Closing Costs: What You Need to Know
January 27th, 2018
January 27th, 2018
Buying a home is a huge investment, but it comes with expenses home buyers need to be prepared for. You must get your finances in order, so you improve your credit score to qualify for a better interest rate. As a home buyer, you need to figure out how much home you can afford. You'll need to save money for a down payment. Plus, you need to get pre-approved for a home loan. The list of things to do can seem endless to home buyers. But there’s one aspect of buying a home that many first-time home buyers – especially millennials – often forget about or don’t totally understand: closing costs.
Below we answer some frequently asked questions about closing costs. With this information, you’ll be better prepared when it comes to finalizing your mortgage deal.
Closing costs are the fees you pay at closing when the property title is transferred from the seller to you, the buyer.
Closing costs cover the fees for services performed during the home-buying process. Without these services, the home-buying process wouldn’t be carried out very efficiently and you may not find out issues about the property.
These costs can include fees for:
No. Your down payment is the amount of money you give your mortgage lender as an advance payment on your mortgage. While you make your down payment when you sign off on your loan paperwork, this is a separate payment. It doesn’t include any closing costs.
Your closing costs can vary based on your mortgage lender, the size of your home and its price. Generally, they run between 3% to 6% of the home’s purchase price. On average, the cost for closing is around $6,000.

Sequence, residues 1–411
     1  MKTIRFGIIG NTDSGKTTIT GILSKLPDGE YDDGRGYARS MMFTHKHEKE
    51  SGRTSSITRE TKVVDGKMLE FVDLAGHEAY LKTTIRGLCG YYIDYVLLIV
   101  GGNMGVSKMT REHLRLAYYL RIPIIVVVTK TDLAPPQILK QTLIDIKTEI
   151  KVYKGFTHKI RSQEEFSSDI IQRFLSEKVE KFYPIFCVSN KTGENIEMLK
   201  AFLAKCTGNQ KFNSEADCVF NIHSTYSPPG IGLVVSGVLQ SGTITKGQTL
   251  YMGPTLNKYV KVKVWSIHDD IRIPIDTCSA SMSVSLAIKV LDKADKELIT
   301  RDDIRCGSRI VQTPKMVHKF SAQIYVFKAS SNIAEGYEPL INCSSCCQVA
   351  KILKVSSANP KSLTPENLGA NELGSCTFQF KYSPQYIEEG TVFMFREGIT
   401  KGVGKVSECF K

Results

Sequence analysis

Typically, the home buyer is the one who pays for these costs.
In some cases, you can ask the seller to pay for some of these fees. However, in a seller’s real estate market, the seller is likely to say “no.” But if the seller is working hard to close the deal with you, they may pay some of your closing costs.
Another option is a low or no-closing-costs mortgage. With this type of loan, your lender will pay your closing costs for you, and roll these costs into your loan. However, a no-closing-costs mortgage usually comes with a higher interest rate. While essentially, you’re paying for your closing costs over time rather than upfront, you’re also paying interest on these fees.
An additional solution is to roll your closing costs into your mortgage. But, again, you’ll be paying interest on those fees over the next 15 to 30 years.
You can find out what your costs will be at closing on the Loan Estimate and Closing Disclosure Forms. These forms help you understand your mortgage and estimate the costs you’ll have to pay. You should carefully read these documents. While some figures on the estimate may change; others like the interest rate and origination fee are fixed. If you don’t understand what fee is for, or if the cost seems high, contact your lender for more information.
Whether you’re just starting the home-buying process or you’re getting ready to close, understanding your closing costs can help you when it’s time to finalize purchase process. When you work with mortgage broker, like Grandview Lending in Indianapolis, our mortgage experts will work with you to find the right home loan with the best terms and lowest rate for you based on your needs. We’ll answer any questions you may have about the mortgage process and your closing costs. And, we’ll help make the transaction process go as smooth as possible.
At Grandview Lending, we’re dedicated to helping you reduce the risk – and stress – of your loan process. Contact us today at 317-255-0062 for more information. We’ll help you find the best mortgage loan for not only today, but tomorrow as well.
We provide our clients with exceptional service and integrity which has become our hallmark.